Cervanová verdict written

THE PRESIDENT of the Supreme Court Senate has produced a written verdict on one of Slovakia's most closely watched murder cases, five months after the original deadline.

A US polygraph expert says it's "absolutely clear" the Cervanová defendants he tested did not witness the crime.
photo: Týždeň - Andrej Bán

THE PRESIDENT of the Supreme Court Senate has produced a written verdict on one of Slovakia's most closely watched murder cases, five months after the original deadline.

The President of the Senate, Štefan Michálik, was originally required to produce a written verdict on the case of the murder of 19-year-old medical student Ľudmila Cervanová by January 5, within the one-month period after the judgement as demanded by Slovak law.

The court claims that the written verdict is now ready.

"I can confirm that the verdict has now been written," court spokesperson Eva Rupcová told The Slovak Spectator.

Since delivering the spoken verdict on December 4, 2006, Michálik has requested five times that Chief Justice of the Supreme Court Milan Karabín extend the deadline, arguing that the case is far too complex, since Cervanová was murdered almost thirty-one years ago on July 9, 1976.

The written form of the verdict is crucial because its absence has prevented the Trnava District Court from acting. The senate of the Trnava court had to interrupt a sitting on the request of one of the convicts, Milan Andrášik, who had requested parole due to the lack of the written verdict.

"We will send the verdict this week along with the file to the Regional Court in Bratislava, which will deliver the document to whomever requests it," Rupcová said.

The Supreme Court Senate toughened the sentences for Milan Andrášik and Miloš Kocúr, sentenced for the murder of the student, from 13 to 15 years in prison. They both already spent nine and half years in prison under the communist regime. They resumed their prison sentences last December 19.

Andrášik's defense lawyer, Milan Kanás, refused to comment on the time it took the Supreme Court to produce the written verdict.

"I will be able to comment on it when we get the verdict and see what is in it," Kanás told The Slovak Spectator.

Eva Andrášiková, Andrášik's sister, said she was very disappointed that Michálik needed six months to write the verdict.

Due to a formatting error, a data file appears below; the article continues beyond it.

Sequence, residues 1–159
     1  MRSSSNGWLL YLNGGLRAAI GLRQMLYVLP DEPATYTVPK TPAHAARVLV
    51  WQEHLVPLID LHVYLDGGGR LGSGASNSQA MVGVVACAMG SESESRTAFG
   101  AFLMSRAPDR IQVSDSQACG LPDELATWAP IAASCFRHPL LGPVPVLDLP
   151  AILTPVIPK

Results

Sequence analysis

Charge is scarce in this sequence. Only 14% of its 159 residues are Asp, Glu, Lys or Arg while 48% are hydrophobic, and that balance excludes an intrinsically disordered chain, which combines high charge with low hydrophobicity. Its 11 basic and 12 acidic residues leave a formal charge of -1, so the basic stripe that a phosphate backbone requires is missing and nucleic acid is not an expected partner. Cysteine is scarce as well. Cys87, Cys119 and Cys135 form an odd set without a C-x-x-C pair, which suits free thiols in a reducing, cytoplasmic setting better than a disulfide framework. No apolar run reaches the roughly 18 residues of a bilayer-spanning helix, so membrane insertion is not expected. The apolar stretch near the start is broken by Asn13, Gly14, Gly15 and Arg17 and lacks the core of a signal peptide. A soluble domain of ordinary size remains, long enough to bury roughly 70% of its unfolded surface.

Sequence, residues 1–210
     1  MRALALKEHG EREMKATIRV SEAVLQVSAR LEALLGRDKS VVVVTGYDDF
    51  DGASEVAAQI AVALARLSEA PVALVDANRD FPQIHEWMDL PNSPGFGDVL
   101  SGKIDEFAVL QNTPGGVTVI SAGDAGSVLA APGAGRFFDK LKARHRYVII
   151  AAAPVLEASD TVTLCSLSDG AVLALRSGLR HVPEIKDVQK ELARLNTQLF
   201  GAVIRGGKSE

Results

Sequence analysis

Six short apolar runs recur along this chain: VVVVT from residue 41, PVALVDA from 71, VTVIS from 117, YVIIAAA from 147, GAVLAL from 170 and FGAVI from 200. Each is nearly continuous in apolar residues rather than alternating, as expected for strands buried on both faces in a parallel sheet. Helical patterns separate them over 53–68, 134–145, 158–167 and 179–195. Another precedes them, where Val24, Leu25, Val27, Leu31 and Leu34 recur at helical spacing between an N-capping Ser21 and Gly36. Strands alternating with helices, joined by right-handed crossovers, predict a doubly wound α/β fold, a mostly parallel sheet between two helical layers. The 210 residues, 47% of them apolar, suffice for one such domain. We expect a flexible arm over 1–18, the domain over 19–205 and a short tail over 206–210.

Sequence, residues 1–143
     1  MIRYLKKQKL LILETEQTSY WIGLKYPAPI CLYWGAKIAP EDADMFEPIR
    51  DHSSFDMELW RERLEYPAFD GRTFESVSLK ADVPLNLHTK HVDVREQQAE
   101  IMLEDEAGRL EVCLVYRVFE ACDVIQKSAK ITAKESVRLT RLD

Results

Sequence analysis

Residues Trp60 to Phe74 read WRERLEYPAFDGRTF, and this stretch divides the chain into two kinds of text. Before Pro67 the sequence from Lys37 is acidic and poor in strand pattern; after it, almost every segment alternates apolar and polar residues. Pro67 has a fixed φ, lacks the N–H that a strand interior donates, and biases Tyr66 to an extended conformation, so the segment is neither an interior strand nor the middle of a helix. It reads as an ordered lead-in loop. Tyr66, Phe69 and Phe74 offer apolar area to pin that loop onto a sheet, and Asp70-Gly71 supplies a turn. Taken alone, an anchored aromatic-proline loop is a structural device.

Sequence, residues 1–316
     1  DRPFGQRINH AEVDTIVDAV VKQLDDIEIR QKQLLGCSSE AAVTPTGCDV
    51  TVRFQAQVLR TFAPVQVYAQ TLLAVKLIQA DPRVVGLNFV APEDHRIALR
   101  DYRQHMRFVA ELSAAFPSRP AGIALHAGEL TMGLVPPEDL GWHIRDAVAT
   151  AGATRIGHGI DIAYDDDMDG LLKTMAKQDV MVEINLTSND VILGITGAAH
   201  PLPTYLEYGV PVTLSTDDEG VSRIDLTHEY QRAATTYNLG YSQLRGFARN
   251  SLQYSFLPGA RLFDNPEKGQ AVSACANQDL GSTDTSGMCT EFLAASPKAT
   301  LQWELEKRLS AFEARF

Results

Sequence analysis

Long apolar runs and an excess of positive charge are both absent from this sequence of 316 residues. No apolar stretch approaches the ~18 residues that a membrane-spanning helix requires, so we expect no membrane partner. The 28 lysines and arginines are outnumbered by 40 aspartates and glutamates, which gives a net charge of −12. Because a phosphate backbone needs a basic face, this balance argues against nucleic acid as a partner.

"We just wanted the President of the Senate to carry out his legal duty and write the verdict within the time determined by law, which is one month," Andrášiková said. "He didn't do it. I'm a teacher and I have to write my school reports in time. Doesn't a judge have to respect the law? My brother is innocent and he was put in jail in December without any written document, only on an oral decision. This is like in some developing country. We call ourselves a democracy?"

A lawyer who asked to remain anonymous told The Slovak Spectator that "it really seems that the judge did not know how to justify his decision".

The convicted men have been waiting for the written verdict so that they can appeal it. They said they are convinced that the senate of the Supreme Court failed to decide the case legally. They are determined to turn to the Constitutional Court or to the European Court for Human Rights but they cannot do so without the written verdict.

On December 4, 2006, the Supreme Court Senate found six men from Nitra guilty of a murder committed on July 9, 1976. The court refused to deal with evidence produced by the police during the early stages of the investigation in 1976, which were hidden until last year in police archives in Levoča. The police produced 8,000 pages of evidence during the first two years of the investigation.

When delivering the sentence last year, Michálik discarded the complaints of their defence lawyers that they were tortured mentally and physically in the prison in order to make them confess.

"Pre-trial custody is not a holiday in a hotel room with free board," he said.

He added that he was convinced they were guilty. He even noted: "It is a good thing for the accused that Slovakia no longer has the death penalty."

Four of the convicts, who were not sent back to prison as they had already served their sentence in the 1980's, underwent a lie-detector test.

US polygraph expert Patrick Coffey, who has trained Slovak Intelligence Service and National Security Office agents in the use of lie-detectors, tested the four men and said the test ruled out any chance these men were involved in the murder.

"For me as a professional, it is absolutely clear that they were not witnesses to any crime," he told the Týždeň weekly. The other two men, who were in prison, could not undergo the test, as they had been forbidden to do so by the director of prison in Leopoldov, where they are serving their sentence.

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